But ULV senior media analysis major Taylor Kingsbury said that not all music retailers suffer big losses from file sharing.

Kingsbury works at Rhino Records, an independent record store in Claremont.

He said piracy doesn’t hurt independent record stores, only the big chains.

“People might check out songs online, but they still buy the album if they are real music fans. Piracy mainly hurts the mainstream, where albums contain only one or two good songs, and fans of those don’t come for that music to Rhino Records. We offer more than the big radio songs, and people still appreciate a good album.”

In fact, Kingsbury said, file sharing can benefit musicians.

“As a band, you don’t make big money from your albums anyway,” he said.

“Metallica has the best record deal world wide and they make only about a dollar per sold album. All the money from record sales goes to all the other people involved in the production and sales process like songwriters, record companies, studio technicians and record stores; those are the ones hurt by piracy. The artists make money from touring and merchandising, and for this all you need is promotion. And getting heard and distributed over the Internet is a great promotion,” he said.

From the ashes of destroyed file sharing programs like Napster, another threat for the big record stores rises. Lead by the Macintosh program iTunes, more and more former file sharing providers contract directly with the recording industry to sell songs online for as cheap as 99 cents.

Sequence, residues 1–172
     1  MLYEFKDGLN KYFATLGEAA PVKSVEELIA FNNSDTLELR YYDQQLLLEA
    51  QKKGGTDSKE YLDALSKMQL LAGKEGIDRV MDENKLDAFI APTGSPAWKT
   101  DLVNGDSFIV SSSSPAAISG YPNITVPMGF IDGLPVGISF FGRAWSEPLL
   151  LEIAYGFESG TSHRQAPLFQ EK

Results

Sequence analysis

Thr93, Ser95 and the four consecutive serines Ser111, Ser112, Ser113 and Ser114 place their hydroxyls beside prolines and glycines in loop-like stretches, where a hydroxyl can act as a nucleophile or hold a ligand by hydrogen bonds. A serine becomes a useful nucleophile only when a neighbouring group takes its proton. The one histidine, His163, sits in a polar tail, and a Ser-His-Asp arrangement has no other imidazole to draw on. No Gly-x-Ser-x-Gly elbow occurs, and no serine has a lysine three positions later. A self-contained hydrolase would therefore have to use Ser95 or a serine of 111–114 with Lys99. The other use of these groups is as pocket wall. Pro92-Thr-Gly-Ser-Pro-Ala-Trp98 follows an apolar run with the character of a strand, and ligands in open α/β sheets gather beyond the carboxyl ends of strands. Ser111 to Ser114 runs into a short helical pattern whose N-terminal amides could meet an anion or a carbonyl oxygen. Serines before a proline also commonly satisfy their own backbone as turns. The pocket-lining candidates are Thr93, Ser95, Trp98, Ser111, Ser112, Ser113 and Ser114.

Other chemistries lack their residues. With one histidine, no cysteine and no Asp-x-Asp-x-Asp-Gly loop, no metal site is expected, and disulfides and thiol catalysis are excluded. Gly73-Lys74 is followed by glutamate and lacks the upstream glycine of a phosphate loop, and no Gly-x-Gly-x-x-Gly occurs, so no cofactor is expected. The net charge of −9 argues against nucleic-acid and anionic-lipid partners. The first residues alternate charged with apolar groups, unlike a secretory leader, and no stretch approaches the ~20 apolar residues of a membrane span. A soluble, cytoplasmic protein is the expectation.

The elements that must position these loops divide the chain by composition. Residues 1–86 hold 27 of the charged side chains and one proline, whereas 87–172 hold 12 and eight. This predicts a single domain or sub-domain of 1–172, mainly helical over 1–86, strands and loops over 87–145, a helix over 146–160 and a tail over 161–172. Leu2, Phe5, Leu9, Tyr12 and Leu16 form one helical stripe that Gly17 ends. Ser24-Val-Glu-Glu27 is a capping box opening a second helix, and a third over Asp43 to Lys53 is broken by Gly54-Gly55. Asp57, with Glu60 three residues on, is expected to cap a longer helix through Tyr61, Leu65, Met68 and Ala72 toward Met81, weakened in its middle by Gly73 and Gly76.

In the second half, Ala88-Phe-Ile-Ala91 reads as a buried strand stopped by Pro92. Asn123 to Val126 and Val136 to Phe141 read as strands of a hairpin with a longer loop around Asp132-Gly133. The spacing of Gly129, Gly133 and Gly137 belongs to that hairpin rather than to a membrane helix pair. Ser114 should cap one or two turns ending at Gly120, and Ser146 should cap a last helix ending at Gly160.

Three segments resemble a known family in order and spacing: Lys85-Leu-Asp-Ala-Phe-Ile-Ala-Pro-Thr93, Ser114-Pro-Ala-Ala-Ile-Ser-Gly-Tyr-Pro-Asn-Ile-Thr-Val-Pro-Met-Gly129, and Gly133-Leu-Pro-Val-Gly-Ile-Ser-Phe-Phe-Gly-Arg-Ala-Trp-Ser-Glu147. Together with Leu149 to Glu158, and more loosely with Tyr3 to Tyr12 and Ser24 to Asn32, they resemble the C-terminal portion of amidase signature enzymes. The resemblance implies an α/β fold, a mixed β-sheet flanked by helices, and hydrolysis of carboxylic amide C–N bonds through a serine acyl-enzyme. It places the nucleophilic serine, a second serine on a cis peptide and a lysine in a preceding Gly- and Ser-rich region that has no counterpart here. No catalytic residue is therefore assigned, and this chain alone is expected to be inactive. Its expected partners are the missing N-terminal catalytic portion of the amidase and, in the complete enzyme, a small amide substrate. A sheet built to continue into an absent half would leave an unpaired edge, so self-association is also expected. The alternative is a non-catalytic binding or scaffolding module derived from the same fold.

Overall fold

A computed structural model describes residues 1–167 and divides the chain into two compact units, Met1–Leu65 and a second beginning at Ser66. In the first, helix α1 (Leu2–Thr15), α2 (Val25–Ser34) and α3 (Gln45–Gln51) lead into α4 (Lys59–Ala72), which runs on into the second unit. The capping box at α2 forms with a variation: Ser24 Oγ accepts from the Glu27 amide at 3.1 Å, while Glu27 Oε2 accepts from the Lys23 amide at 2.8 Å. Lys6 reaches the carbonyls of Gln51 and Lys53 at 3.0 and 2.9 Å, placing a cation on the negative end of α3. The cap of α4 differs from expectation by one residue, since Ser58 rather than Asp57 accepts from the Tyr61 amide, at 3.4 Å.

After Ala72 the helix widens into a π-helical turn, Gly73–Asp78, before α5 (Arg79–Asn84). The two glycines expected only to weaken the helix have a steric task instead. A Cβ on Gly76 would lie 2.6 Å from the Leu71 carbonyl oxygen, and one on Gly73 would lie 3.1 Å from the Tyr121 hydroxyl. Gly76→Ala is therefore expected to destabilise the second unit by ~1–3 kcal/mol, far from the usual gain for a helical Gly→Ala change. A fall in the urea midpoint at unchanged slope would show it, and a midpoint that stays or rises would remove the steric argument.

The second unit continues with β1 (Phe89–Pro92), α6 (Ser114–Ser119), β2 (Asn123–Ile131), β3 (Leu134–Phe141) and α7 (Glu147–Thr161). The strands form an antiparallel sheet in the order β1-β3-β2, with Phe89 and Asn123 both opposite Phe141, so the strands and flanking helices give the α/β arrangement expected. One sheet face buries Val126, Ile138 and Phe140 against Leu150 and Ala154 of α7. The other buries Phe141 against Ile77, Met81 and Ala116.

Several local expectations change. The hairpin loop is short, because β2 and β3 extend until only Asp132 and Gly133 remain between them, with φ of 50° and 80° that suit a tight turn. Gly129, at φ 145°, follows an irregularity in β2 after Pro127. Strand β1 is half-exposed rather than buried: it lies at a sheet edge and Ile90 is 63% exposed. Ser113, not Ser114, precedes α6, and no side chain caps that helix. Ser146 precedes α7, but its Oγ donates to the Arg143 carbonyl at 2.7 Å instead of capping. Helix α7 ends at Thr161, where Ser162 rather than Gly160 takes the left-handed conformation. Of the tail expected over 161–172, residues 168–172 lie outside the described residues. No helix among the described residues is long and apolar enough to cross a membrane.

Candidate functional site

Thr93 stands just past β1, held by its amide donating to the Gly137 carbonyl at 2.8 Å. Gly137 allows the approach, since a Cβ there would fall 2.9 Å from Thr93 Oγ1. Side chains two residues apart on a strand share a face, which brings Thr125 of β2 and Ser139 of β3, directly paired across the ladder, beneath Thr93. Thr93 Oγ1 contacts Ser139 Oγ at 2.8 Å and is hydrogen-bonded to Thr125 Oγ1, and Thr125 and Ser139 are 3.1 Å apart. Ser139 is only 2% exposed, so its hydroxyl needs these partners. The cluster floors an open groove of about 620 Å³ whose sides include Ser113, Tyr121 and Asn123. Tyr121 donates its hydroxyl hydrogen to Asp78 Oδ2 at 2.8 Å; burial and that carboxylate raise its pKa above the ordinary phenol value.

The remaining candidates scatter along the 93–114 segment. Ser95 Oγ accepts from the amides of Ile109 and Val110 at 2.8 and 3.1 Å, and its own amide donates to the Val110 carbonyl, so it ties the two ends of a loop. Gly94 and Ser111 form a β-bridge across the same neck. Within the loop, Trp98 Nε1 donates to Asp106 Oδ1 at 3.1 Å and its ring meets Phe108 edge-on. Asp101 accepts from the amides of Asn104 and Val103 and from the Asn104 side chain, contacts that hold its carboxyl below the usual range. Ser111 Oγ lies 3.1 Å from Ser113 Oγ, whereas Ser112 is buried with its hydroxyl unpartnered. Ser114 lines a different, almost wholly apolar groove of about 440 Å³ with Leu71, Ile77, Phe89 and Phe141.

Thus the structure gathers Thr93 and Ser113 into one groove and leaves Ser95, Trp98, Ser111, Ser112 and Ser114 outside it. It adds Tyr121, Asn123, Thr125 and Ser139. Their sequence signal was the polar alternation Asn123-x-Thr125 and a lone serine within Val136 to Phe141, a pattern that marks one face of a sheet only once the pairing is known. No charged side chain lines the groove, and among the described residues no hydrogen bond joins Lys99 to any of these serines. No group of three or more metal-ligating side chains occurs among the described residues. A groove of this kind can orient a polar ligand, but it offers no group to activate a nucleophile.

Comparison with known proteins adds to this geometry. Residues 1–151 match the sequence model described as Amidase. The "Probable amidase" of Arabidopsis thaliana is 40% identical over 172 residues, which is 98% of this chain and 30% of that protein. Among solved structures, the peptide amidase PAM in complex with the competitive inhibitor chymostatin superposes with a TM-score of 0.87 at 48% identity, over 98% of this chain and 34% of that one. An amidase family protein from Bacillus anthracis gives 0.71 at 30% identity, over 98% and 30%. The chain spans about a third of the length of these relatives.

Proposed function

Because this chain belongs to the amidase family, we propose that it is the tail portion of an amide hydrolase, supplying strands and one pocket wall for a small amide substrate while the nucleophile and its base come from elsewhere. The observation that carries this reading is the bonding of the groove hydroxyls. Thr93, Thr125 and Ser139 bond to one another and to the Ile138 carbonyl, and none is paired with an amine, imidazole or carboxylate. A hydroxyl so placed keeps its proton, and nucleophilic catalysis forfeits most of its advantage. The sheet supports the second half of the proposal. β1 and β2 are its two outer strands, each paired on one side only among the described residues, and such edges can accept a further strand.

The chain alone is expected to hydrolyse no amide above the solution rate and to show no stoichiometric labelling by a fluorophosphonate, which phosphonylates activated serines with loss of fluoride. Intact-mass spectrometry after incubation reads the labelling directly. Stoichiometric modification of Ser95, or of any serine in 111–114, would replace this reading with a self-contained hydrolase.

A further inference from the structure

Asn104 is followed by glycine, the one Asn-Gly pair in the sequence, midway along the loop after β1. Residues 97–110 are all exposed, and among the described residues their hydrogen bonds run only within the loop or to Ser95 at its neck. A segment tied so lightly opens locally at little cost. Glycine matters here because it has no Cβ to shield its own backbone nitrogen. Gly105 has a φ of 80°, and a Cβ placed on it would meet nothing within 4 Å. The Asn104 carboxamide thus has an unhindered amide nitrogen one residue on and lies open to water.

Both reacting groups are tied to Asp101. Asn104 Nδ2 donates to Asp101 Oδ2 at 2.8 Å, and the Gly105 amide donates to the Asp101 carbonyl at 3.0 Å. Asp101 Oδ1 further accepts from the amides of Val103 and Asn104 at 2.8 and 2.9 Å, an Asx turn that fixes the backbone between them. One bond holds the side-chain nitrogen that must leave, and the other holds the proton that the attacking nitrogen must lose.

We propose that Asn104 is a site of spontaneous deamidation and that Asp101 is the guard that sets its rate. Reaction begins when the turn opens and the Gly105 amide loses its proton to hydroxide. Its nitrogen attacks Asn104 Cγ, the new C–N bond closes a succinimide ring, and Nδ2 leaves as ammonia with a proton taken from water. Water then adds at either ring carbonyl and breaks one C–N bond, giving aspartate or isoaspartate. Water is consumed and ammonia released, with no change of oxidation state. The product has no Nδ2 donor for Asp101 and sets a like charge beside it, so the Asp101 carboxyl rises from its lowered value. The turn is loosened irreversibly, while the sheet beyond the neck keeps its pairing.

“I would totally accept to pay a dollar per song,” Wickham said. “At least, you don’t have to be afraid of being caught and sued and thrown to jail. You have a clean conscience.”

“I did it once, but for me it is still too expensive,” Willis said. “I don’t want to pay more than 25 cents per song, or $5 to $10 per album. I still see a lot of additional value in buying real music in stores. I don’t think that the CD will die out, but it could happen that the focus might shift to digital music. I could imagine loading up your iPod with songs at a record store.”

But some feel downloaded music is technically inferior.

“When you download music illegally over Kazaa, you are always in the danger of viruses,” said Florian Funk, a business major at San Francisco State University.“You never know about the quality of the songs. The connection speed is very slow, it can often take you days if you are looking for a rare song, and sometimes songs are even listed under the wrong name.”